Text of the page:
10001183 J Clin Psychiatry / Document Archive

Psychiatrist.com Home    Keyword Search

Close [X]

Search Our Sites

Enter search terms below (keywords, titles, authors, or subjects). Then select a category to search and press the Search button. All words are assumed to be required. To search for an exact phrase, put it in quotes. To exclude a term, precede it with a minus sign (-).

Keyword search:

Choose a category:

Choosing the appropriate category will greatly improve your chances of finding the best match.

All files at our sites: J Clin Psychiatry, Primary Care Companion, CME Institute, and MedFair

Search materials from our journals:

Abstracts from The Journal of Clinical Psychiatry, 1996–present, both regular issues and supplements

PDFs of the full text of The Journal of Clinical Psychiatry, 1996–present, both regular issues and supplements (Net Society Platinum [paid subscribers])

PDFs of the full text of The Primary Care Companion to The Journal of Clinical Psychiatry, 1999–present

Search CME offerings:

CME Institute, including CME from journals , supplements, and Web activities for instant CME credit (Net Society Gold [registered users]); also includes information about our CME program

CME activities from regular issues of The Journal of Clinical Psychiatry (Net Society Gold [registered users])

CME Supplements from The Journal of Clinical Psychiatry (Net Society Gold [registered users])


The article you requested is

Incidence of Sexual Side Effects in Refractory Depression During Treatment With Citalopram or Paroxetine.

J Clin Psychiatry 2005;66:100-106
Copyright 2005 Physicians Postgraduate Press, Inc.

To view this item, select one of the options below.

    1. Purchase this PDF for $40
      If you are not a paid subscriber, you may purchase the PDF.
      (You'll need the free Adobe Acrobat Reader.)
    2. Subscribe
      Receive immediate full-text access to JCP. You can subscribe to JCP print + online for $166 individual.
      JCP's 75th AnniversaryCelebrate!
      Celebrate JCP's 75th Anniversary with a special online-only subscription price of $75.
    1. Activate
      If you are a paid subscriber to JCP and do not yet have a username and password, activate your subscription now.
    2. Sign in
      As a paid subscriber who has activated your subscription, you have access to the HTML and PDF versions of this item.
  1. Did you forget your password?

Still can't log in? Contact the Circulation Department at 1-800-489-1001 x4 or send an email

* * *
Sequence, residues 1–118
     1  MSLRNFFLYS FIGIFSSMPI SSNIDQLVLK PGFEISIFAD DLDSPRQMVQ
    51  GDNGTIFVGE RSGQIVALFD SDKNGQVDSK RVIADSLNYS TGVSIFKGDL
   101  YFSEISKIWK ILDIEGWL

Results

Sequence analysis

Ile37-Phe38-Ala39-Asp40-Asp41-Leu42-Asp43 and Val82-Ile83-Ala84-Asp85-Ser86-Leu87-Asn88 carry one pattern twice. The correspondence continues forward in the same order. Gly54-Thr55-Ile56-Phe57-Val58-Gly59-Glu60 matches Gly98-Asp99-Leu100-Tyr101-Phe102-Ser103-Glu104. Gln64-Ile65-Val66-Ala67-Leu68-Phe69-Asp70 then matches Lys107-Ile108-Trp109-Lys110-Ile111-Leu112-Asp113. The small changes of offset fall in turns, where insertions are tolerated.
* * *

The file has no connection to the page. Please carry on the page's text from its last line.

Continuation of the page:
Objective: The incidence of sexual dysfunction due to antidepressant drugs reported in premarketing clinical efficacy trials is often several times lower than in subsequent clinical experiences and independent reports. Although it is commonly believed that the reason for this discrepancy is that the nonleading questions employed in conventional clinical trials underestimate sexual dysfunction while the direct questioning used in independent trials provides more accurate data, few studies have actually compared these 2 methods.

Method: In this study, 119 patients with a DSM-IV-defined major depressive episode (82 women and 37 men) who had been treated with but not responded to a selective serotonin reuptake inhibitor (SSRI; either citalopram or paroxetine) were assessed regarding sexual functioning by means of open-ended questions and direct questioning at baseline (after SSRI treatment only) and after 4 weeks of SSRI treatment plus buspirone or placebo.

Results: More patients reported sexual dysfunction in response to direct questioning (41%) as compared with spontaneous report (6%) (p < .001). Sexual dysfunction correlated with the duration of the depressive episode, but not with age, dose of SSRI, plasma level of SSRI, duration of SSRI treatment, or any measurement of depression. No statistically significant differences regarding the incidence of sexual dysfunction were found between the citalopram and the paroxetine groups.

Conclusion: Open-ended questions are an insufficient tool to estimate sexual dysfunction, and premarketing clinical trials should therefore include basic explicit assessments. The failure to find a correlation between treatment duration and sexual dysfunction adds to the notion that sexual side effects due to SSRIs do not abate over time.